New York City Mayor Bill de Blasio is a pro when it comes to the game of ethnic politics. Photo via Flickr user Diana Robinson
In the spring of 1989, when New York City was still replete with porno theaters and squeegee men and Spike Lee was taking advantage of Rosie Perez in Do The Right Thing, a 28-year-old investment banker at Solomon Brothers was brutally beaten and raped while jogging one night in Central Park. Back then, local tabloids working themselves into a frenzy over some spectacularly grisly crime was a fairly common occurrence, with race never far beneath the surface. Two years earlier, a group of angry white youth had chased a black man to death after his car broke down in what became known as the Howard Beach incident (they forced him into traffic on a busy highway, where he was hit by another car). But this latest outrage really struck a chord, with seemingly every media outlet in the city, from the Village Voice to the New York Times, largely buying the police narrative about the Central Park Five—the black and Hispanic teenagers whom the NYPD had coerced into a confession.
The affair resurfaced in the media in 2002, when District Attorney Robert M. Morgenthau reopened the case and overturned all five convictions after Matias Reyes, an actual monster and serial rapist, admitted to the whole thing. The kids may have committed other felonies that night and even beaten a man—and they seemingly confessed to the rapes on tape—but they did not assault the woman in question, who was beaten within an inch of her life and spent 12 days in a coma.
Of course, by the time the powers that be recognized their mistake, the boys had already served between seven and 13 years in prison. Naturally, the Central Park Five pursued legal action, only to be rebuffed by Michael Bloomberg, Gotham's recently departed billionaire mayor, who staunchly resisted a deal for more than a decade. Now, 25 years after the fact, they are poised for some sweet justice: The city has tentatively agreed to a settlement worth $40 million, it was reported late Thursday, or about $1 million for each year served—well above the national average for exonerations.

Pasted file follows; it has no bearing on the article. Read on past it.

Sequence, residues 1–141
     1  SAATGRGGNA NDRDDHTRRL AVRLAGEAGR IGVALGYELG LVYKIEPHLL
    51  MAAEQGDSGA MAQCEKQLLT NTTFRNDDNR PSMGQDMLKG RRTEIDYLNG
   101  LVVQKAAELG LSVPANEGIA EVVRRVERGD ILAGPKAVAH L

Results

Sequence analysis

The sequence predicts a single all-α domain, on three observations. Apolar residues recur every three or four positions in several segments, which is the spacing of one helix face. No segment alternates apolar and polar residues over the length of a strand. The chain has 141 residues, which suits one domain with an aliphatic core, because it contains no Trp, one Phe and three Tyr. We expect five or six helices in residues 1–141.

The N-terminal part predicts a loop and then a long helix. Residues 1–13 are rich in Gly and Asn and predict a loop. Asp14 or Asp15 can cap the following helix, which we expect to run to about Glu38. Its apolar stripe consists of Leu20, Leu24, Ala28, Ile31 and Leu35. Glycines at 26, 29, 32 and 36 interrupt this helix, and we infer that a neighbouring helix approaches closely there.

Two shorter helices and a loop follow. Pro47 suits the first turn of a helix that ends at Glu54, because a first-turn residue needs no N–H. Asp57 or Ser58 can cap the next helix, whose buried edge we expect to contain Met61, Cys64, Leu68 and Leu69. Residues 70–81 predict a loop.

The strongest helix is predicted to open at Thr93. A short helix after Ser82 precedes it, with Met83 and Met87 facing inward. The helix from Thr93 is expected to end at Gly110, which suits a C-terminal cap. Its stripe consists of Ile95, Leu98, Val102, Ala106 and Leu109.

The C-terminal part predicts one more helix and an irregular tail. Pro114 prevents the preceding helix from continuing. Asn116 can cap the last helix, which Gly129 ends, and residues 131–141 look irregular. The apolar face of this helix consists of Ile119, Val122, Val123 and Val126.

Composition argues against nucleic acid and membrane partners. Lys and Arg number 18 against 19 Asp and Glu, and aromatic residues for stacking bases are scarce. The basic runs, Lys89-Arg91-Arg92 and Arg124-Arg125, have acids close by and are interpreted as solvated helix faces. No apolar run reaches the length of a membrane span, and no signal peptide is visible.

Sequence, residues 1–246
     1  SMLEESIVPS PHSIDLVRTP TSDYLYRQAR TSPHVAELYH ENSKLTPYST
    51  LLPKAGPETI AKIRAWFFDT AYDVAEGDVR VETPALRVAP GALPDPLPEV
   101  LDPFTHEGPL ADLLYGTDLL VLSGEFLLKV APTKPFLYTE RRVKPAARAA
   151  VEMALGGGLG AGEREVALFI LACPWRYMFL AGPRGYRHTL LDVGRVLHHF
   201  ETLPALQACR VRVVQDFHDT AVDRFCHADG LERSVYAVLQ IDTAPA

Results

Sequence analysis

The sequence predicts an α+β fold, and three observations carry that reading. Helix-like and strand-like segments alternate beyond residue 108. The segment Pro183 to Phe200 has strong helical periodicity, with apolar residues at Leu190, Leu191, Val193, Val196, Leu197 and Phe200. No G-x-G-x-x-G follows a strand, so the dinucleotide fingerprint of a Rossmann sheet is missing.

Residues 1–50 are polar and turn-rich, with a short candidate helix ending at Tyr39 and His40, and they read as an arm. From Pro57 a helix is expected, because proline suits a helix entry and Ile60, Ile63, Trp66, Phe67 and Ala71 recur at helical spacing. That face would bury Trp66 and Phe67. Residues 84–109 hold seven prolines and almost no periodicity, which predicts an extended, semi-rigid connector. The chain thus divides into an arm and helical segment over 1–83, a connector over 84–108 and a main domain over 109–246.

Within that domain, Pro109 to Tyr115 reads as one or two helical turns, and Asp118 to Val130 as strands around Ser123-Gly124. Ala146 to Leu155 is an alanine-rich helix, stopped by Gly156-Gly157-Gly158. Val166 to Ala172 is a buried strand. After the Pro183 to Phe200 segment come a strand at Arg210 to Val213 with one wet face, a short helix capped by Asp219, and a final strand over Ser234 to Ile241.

In addition to heralding a major upgrade in lifestyle for the not-so-young-anymore men whose lives were upended, the settlement represents a victory for NYC Mayor Bill de Blasio, who had signaled he would reverse the city's stance on a settlement and strike a deal as soon as possible. For a man whose biracial family is a key part of his political identity (and who made reducing racial tension a rather explicit part of his pitch to voters), dishing out some cash and implicitly acknowledging that the NYPD fucked this one up is priceless. After all, this isn't just some obscure historical event but a real miscarriage of justice kept alive in part by a 2012 documentary that Ken Burns made about the case, in collaboration with his daughter Sarah. The settlement will resonate with everyone from the gilded liberals toiling away at investment banks in Manhattan to the projects in the outer boroughs, seemingly confirming de Blasio's commitment to the principle of justice—even if his NYPD commissioner, Bill Bratton, is still doing reactionary stuff like arresting way too many black and Hispanic kids for smoking pot.
It will take more than settling this case and others like it to assuage the concerns of the mayor's supporters about the sprawling reach of New York City's law enforcement regime. But as far as symbolic gestures that also have a tangible impact go—the settlement must first be approved by the city comptroller and a judge—this one stands out. Perhaps the mayor will find a way to milk the moment for all its worth with some kind of public spectacle, given his background as a political strategist who knows how to use acts of theater to connect with liberal-minded urbanites on a visceral level. It's not an economic change like providing universal pre-K to the city's children, but somehow I suspect de Blasio hasn't been riding quite this high since Bill and Hillary Clinton coronated him in January.
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